Limit pushing or a publicity stunt?
The experiment is now on public display at Hirst’s Newport Street Gallery in Vauxhall, south London. Ten thousand works of art sounds like a lot, but it is perhaps only when you see the exhibition in reality that you can appreciate the scope of the project. (Sorry, NFT enthusiasts, the digital realm just doesn’t quite capture size in the same way.)
Each artwork is numbered, titled, stamped and signed by Hirst, with a watermark, a microdot and a hologram containing his portrait, and a title generated through AI using some of his favorite song lyrics. No color is repeated on each piece.
All 10,000 paintings are represented in the gallery, hung in Plexiglas. The 5,149 works whose owners chose the physical have been toned down, the pieces now no doubt cheering up walls around the world; the remaining 4,851 are palpably there, ready for the multi-million pound bonfire, due to begin in October. The painting fires await them upstairs.
Hirst says he sees The Currency as a work of art where people participate by buying, holding, selling and exchanging the pieces.
So, is his testing the value of digital art versus physical a genius, boundary-pushing endeavor — or just another publicity and money-making stunt?
Writing for the i newspaper, art critic Florence Hallett describes The Currency as “rather like a small child dangling a teddy over the toilet in an attempt to get the upper hand – only with significantly less sincerity and huge amounts of money”.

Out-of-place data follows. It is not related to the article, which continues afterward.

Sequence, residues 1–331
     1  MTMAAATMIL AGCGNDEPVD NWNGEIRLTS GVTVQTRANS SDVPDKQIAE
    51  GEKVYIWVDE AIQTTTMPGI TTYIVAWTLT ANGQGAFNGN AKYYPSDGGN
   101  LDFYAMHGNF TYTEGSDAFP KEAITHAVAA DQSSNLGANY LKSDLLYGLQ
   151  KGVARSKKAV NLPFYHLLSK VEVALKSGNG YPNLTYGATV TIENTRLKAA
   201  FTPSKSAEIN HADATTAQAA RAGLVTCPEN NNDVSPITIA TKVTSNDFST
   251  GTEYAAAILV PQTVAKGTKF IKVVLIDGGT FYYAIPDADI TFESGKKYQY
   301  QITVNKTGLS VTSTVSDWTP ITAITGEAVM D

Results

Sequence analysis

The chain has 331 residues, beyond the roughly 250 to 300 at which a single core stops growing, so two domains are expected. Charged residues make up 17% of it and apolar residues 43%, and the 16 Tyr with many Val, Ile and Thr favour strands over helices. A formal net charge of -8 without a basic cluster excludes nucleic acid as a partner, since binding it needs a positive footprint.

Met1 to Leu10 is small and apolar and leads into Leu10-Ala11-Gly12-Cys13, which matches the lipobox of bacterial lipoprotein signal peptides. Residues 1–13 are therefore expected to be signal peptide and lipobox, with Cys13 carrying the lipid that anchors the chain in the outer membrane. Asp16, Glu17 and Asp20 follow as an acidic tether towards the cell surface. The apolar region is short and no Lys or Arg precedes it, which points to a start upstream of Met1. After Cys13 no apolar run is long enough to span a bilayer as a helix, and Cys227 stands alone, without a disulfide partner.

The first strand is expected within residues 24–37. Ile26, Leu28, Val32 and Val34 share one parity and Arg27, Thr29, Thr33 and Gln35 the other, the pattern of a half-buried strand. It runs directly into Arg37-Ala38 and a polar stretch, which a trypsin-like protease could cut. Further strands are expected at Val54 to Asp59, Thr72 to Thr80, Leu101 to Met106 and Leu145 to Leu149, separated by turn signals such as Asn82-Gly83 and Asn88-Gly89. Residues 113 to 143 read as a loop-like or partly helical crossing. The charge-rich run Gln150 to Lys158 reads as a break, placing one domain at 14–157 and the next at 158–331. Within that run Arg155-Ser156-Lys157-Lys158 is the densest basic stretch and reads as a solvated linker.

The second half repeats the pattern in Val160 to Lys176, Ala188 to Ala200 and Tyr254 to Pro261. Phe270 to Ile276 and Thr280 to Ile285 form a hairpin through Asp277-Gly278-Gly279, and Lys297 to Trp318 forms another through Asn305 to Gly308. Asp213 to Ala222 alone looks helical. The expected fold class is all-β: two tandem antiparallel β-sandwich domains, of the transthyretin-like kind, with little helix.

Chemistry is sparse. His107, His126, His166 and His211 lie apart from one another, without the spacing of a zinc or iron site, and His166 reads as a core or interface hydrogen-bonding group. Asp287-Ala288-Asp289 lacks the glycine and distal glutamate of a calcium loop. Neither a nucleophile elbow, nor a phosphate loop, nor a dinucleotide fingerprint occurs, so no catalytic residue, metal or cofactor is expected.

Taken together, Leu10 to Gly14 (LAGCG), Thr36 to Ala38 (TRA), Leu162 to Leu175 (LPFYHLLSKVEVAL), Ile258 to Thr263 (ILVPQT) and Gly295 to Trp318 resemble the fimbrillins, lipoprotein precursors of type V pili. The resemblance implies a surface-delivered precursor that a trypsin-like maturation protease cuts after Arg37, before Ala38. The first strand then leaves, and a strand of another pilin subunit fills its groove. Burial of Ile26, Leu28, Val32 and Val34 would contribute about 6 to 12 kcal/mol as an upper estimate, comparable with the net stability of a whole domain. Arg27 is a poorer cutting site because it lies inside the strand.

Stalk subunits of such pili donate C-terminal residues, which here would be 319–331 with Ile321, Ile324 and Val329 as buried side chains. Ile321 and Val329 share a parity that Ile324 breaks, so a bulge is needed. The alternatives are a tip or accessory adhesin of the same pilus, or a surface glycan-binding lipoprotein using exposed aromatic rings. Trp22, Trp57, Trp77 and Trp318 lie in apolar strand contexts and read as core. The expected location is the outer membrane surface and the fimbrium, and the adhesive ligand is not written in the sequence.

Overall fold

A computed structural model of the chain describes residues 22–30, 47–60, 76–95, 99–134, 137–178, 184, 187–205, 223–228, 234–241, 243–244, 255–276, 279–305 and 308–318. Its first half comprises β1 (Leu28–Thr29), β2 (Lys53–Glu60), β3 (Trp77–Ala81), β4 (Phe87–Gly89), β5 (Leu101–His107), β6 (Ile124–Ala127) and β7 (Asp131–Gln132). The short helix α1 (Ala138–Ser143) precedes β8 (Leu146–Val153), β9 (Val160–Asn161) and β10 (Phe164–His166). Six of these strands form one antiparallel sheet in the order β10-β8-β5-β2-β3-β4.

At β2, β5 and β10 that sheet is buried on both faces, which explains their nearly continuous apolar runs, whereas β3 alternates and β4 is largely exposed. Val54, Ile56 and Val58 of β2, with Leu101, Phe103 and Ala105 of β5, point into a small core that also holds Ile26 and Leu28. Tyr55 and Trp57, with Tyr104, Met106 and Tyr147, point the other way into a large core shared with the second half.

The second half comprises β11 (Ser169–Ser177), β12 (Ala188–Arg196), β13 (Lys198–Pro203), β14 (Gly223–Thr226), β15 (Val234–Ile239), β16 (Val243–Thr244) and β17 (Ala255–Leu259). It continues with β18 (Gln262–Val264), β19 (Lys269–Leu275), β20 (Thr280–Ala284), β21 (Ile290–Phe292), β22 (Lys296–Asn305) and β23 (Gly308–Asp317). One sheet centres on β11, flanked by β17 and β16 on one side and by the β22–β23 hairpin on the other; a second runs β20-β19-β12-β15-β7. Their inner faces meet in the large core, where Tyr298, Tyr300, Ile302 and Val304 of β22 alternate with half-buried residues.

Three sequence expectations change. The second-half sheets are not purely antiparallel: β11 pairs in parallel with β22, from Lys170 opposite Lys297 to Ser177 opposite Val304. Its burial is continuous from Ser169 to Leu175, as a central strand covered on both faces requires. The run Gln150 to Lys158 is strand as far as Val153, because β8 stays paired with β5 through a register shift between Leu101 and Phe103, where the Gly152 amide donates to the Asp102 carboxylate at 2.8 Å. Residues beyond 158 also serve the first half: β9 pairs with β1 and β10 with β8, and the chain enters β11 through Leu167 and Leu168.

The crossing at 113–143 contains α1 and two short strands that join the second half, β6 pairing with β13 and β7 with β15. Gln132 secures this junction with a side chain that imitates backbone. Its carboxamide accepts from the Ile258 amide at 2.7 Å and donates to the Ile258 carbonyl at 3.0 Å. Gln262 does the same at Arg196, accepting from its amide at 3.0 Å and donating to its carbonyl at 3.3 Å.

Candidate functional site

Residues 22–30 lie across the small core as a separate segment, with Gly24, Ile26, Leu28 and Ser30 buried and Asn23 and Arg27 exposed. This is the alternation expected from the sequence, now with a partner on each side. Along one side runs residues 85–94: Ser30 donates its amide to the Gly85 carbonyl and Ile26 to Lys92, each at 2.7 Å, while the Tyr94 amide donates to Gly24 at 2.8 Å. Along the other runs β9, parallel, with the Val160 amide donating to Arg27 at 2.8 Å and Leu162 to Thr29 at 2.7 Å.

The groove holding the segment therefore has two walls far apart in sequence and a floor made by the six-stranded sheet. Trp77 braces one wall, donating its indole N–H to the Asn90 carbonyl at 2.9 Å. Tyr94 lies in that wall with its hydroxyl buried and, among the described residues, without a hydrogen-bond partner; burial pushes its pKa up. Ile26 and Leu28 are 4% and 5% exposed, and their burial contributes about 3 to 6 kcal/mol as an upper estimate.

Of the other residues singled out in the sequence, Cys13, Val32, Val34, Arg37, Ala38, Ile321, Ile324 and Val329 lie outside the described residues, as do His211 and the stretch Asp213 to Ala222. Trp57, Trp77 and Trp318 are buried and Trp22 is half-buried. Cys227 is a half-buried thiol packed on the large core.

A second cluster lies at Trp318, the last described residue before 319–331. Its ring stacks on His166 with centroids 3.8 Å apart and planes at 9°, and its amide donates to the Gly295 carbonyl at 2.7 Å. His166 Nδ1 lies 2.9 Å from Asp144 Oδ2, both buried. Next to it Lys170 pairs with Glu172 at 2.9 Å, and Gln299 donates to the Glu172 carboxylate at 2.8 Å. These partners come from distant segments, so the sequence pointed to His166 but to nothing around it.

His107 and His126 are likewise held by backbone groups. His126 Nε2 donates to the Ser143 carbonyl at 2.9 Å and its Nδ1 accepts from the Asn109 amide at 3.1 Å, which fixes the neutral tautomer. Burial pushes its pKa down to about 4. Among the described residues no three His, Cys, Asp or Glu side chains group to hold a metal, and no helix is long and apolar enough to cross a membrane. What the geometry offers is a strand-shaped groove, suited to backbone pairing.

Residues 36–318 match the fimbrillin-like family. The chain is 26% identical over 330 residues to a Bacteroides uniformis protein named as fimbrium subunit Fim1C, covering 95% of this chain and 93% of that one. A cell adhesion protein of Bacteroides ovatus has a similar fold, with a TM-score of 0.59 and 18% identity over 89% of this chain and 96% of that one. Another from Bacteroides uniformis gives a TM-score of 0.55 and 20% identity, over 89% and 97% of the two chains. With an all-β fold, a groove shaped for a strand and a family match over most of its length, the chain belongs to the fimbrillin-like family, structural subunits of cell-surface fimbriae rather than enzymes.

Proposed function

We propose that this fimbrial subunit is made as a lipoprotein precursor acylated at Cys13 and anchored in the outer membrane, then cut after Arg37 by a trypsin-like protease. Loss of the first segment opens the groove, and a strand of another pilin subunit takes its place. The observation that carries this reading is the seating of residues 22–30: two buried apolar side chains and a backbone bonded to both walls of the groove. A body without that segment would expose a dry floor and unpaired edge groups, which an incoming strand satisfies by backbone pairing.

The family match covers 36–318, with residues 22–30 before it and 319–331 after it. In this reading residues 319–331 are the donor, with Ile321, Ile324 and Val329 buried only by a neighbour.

In a column titled “How it all went wrong for Damien Hirst”, the Sunday Times’ chief art critic Waldemar Januszczak – who says he was a loyal admirer of the artist’s earlier work – describes NFTs as something “invented by the devil to lure in fools in the art world and persuade them to spend their money on nothing’.
But for one of the art world’s biggest provocateurs, the criticism surely only adds to the pleasure. And he has more than enough admirers of his work.
“I don’t think it’s better or worse to appreciate art in person”
Molly Jane Zuckerman, who is the chief content officer of crypto data provider CoinMarketCap, entered the ballot to pick up a piece of The Currency, but was unsuccessful. Despite her work in the crypto industry, she says she would have opted for the physical painting as an NFT version would have felt like a “pale imitation” of an original Hirst.
However, she believes that it is all down to personal preference.
“Some digital NFT art is so cool. I own a few NFTs that I find fascinating. Most of them cost me less than $3 and I enjoy looking at them…